Achieving the “Triple Bottom Line” in Michigan coastal communities - Introduction

Great Lakes coastal communities in Michigan face unique challenges that require understanding how the economy, environment, and the cultural and civic aspects of society are connected to one another.

Wise use of coastal areas becomes increasingly important as they become more lived in and visited.  While over half of the U.S. population lives in coastal counties, almost 90 percent of the over 9.8 million residents of Michigan live in counties that border a Great Lake. The coastal communities across Michigan very greatly; from the small communities that rely on seasonal coastal tourism, to agricultural communities located near rivers that drain into the Great Lakes, to the heavily urbanized industrial areas. Every community faces different challenges to ensuring that their economic success is balanced with maintaining a high quality of life for their residents and protecting their natural areas.

The triple bottom line is one way to think about this balance of economics, environment, and society; another way to remember it is “People, Planet, and Profit.”  The important thing to remember is that all of them are intimately tied to one another, and that decisions impacting one likely have an impact on the others.  While there is not a “one size fits all” solution to issues concerning coastal and waterfront communities, there are several principles that provide a framework for incorporating the triple bottom line into policy decisions and everyday life. This series of articles will cover many of these principles, including:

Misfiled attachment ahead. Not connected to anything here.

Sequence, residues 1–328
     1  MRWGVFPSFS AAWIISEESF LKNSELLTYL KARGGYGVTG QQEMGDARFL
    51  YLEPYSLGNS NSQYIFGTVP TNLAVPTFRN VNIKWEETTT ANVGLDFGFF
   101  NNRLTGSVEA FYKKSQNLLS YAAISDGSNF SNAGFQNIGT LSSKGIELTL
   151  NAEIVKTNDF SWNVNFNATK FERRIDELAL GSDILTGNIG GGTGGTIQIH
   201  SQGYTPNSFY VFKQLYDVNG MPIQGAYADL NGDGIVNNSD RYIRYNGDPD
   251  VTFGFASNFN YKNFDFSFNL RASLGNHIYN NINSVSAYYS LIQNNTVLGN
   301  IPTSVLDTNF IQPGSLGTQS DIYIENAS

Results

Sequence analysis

• mixed land uses
  • community design
  • housing opportunities
  • walkability
  • sense of place
  • preserving open space and natural areas
  • developing inward not outward
  • mixed transportation types
  •  transparent policy and development decisions, and
  • stakeholder involvement in decision making.

One of the overarching themes of these principles is having public access to the Great Lakes. Public access to the Great Lakes is what fosters a sense of place that distinguishes a community as a “Great Lakes Coastal Community.” The Great Lakes are so influential in defining communities because water symbolizes the sustenance of human life, provides habitat for coastal and aquatic creatures, and then can be used for numerous recreational activities, especially here in Michigan.

Michigan State University Extension and Michigan Sea Grant are actively involved in projects that seek to protect the environment, improve the quality of life, and promote economic activity in Michigan’s coastal areas. This article was adapted from:  Smart Growth for Coastal and Waterfront Communities, a report created by the National Oceanic and Atmospheric Administration, the U.S. Environmental Protection Agency, the International City/County Management Association, and Rhode Island Sea Grant.  The document can be accessed at:

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